Skuldren for Roqoo Depot
  • "I picked up Mike Stackpole's first book in the Homeland Security Services series, "Perfectly Invisible," on my Kindle for a long flight home recently, and I have to say he delivered on a couple of fascinating levels... He gave me a very solid police procedural story that kept me reading, curious to see what would happen next. But he also gave me a fascinating window into an alternate reality I hadn't ever really considered before. It's a smart piece and I can't wait for more in the series."

    Bryan Young for Big Shiny Robot



Miracle Dunn paused outside the open doorway to apartment 6A. The silver Homeland Security Services badge clipped to her belt had gotten her past the Metro uniforms down in the apartment house's lobby. She'd kept her dark aviator sunglasses on which, along with her dark suit jacket, slacks and double-breasted vest over a regulation white shirt and dark tie, marked her as government issued. She wore her blond hair pulled back into a ponytail and had secured it with an elastic band that matched her suit.

The uniforms in the lobby were meant to be impressed with her cool anonymity, but the Metro homicide detectives would be anything but. Not only not impressed, but resentful at HSS interference forcing them to surrender a case. As she entered the apartment, walking down a short corridor leading past the bathroom and a galley-sized kitchen, she removed her sunglasses, but set her face in as neutral an expression as she could manage. She modeled it on those her instructors at Quantico had worn every single day. Firm nonchalance.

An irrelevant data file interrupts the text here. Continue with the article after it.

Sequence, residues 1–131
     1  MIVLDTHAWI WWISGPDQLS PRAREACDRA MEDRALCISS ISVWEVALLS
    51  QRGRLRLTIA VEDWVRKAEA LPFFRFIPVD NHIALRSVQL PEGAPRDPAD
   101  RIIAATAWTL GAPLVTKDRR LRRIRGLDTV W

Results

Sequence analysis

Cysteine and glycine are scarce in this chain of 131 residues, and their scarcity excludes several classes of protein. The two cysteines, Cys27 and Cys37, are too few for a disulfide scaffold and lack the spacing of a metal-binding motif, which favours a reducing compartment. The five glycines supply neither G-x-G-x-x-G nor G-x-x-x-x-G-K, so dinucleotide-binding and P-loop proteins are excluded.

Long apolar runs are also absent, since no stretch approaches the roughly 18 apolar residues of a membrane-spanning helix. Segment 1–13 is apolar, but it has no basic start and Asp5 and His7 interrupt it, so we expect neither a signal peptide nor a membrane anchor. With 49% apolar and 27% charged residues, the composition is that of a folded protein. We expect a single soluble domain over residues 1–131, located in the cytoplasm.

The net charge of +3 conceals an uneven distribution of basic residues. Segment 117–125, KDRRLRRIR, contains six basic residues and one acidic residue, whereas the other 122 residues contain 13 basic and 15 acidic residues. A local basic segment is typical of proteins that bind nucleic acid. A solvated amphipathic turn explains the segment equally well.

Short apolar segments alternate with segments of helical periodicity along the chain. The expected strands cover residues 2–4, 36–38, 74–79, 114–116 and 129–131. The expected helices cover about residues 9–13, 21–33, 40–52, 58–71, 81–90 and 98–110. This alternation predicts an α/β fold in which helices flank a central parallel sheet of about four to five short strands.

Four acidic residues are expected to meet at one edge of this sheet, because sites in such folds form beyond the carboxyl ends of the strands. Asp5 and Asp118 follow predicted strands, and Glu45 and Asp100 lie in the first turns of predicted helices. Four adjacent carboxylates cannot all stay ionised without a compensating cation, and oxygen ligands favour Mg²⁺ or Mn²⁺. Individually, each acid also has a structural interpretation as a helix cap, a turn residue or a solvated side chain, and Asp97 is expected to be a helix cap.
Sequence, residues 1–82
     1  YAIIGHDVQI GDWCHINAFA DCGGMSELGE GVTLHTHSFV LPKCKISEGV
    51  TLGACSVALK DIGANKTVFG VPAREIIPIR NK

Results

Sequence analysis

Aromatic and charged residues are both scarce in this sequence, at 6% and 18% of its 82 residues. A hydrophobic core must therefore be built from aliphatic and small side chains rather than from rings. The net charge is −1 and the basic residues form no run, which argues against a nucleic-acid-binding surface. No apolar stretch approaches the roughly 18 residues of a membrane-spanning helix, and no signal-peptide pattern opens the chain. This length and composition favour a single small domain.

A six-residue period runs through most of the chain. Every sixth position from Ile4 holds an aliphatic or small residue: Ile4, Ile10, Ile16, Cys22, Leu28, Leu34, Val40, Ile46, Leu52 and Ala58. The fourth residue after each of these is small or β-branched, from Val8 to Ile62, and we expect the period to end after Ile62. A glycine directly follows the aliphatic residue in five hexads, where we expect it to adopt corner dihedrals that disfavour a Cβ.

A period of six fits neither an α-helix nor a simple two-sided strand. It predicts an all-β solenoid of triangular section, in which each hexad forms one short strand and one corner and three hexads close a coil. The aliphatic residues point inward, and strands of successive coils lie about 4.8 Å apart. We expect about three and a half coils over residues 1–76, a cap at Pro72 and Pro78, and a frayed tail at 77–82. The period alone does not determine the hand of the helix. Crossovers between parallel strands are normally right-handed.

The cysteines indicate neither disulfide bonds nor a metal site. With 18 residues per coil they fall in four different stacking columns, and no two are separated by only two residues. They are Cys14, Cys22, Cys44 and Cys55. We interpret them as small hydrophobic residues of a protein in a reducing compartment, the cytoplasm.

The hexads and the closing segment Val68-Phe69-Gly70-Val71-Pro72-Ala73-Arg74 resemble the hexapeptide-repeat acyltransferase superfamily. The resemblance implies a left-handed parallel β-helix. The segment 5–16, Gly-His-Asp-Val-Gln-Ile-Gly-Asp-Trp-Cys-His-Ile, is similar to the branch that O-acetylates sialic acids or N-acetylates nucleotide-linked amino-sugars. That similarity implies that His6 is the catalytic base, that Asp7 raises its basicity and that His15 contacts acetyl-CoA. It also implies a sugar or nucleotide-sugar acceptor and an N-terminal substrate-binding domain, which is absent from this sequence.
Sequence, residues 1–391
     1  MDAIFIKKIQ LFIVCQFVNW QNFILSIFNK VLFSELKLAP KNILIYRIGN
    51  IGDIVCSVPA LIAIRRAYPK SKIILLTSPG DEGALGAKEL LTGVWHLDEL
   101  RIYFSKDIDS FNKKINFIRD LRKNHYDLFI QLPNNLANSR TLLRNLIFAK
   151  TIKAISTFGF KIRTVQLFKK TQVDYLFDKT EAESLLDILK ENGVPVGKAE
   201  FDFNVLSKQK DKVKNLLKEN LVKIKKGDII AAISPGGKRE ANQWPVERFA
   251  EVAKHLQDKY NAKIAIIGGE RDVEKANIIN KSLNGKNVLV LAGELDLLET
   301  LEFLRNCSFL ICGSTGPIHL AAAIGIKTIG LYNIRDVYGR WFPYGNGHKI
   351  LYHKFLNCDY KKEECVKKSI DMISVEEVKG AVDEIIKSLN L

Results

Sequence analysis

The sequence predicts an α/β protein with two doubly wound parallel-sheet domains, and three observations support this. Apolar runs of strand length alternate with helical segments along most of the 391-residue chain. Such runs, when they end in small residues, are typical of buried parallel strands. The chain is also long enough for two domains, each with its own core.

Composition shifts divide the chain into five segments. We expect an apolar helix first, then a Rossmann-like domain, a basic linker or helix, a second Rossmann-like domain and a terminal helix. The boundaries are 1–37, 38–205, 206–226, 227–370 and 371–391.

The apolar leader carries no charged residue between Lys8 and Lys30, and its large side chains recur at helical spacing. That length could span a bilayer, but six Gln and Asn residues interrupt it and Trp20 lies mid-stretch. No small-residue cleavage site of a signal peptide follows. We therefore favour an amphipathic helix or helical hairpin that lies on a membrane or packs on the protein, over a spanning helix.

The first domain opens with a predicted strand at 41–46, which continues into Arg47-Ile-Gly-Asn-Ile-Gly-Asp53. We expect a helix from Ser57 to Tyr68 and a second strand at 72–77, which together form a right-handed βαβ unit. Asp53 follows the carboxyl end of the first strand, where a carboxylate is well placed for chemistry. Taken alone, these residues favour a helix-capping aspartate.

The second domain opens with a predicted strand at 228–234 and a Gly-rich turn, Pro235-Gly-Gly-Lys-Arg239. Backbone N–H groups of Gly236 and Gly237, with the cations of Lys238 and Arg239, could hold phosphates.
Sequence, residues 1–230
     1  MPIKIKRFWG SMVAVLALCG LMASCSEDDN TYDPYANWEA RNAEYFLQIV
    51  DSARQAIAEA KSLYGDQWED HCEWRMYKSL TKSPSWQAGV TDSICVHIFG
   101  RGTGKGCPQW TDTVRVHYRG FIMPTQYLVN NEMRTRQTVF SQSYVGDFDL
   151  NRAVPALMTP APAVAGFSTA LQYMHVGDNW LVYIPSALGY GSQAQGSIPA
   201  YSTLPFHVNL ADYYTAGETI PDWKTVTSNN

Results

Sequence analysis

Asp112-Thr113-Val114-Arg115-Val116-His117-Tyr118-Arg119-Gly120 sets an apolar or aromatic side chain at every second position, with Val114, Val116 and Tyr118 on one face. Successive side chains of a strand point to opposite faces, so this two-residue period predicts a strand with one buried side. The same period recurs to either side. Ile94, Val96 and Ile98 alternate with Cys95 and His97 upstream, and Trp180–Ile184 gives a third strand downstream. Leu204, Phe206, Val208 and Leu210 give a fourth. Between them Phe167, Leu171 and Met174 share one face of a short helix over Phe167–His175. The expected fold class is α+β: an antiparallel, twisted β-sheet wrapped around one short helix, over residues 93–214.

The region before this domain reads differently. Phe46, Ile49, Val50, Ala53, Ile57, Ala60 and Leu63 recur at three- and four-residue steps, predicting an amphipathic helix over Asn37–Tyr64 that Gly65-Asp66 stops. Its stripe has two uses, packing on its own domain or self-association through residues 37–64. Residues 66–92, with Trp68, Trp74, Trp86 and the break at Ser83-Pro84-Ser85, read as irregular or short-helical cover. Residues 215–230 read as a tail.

Phil Quinn went and ruined it. He'd always been preternaturally observant, but she could tell from his grin that he'd been expecting her. The middle-aged man in a rumpled trench-coat swiped the back of his hand over his forehead. "It's okay, boys, the day is saved. The Snakes have sent their best."

Two other detectives and a Metro crime tech laughed. The forensic pathologist, who wore an HSS windbreaker, didn't even turn from the corpse to see who had walked in.

"Inspector Quinn, so nice to see you again."

"So formal, Agent Dunn." Phil pulled a take-away cup of coffee from a cardboard tray and extended it to her. "I'm just yanking your chain. When I called, I was glad to hear you were catching."

She accepted the coffee and her expression cracked. "It's good to see a friendly face, and great to be back to work after six months in a class room."

"I wanted to come down to Quantico for your graduation, but JR had the flu, so Dee swapped weekends with me and I got to nurse him."

"I got the flowers, Phil, thanks." She popped the plastic top off the coffee and sipped. Light cream, two sweeteners and a touch of cinnamon. Phil never forgets anything. "What do we have?"

"Always liked that you were business first." Quinn led her toward the apartment's far wall. Blood spatter centered around a bullet-hole which had seen sealed beneath a sheet of plastic. The lower half of the splatter had been smeared by the victim's slow slide to the ground. Brown-haired woman, late-twenties, slender, naked, lay slumped at the base of the wall with a gunshot wound to her chest, just above her left breast.